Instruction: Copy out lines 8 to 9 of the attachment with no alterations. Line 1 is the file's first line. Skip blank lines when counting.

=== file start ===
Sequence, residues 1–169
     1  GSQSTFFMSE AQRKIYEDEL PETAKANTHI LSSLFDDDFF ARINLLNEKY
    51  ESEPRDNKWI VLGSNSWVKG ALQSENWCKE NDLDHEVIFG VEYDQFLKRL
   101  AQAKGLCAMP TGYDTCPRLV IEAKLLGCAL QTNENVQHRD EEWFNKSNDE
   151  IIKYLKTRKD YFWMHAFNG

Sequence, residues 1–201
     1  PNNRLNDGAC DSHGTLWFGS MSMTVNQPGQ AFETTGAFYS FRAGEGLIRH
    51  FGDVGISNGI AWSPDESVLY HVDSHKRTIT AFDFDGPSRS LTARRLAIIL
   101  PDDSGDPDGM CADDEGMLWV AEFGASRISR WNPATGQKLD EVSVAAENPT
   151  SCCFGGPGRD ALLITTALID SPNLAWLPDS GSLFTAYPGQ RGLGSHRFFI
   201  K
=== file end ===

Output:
    51  FGDVGISNGI AWSPDESVLY HVDSHKRTIT AFDFDGPSRS LTARRLAIIL
   101  PDDSGDPDGM CADDEGMLWV AEFGASRISR WNPATGQKLD EVSVAAENPT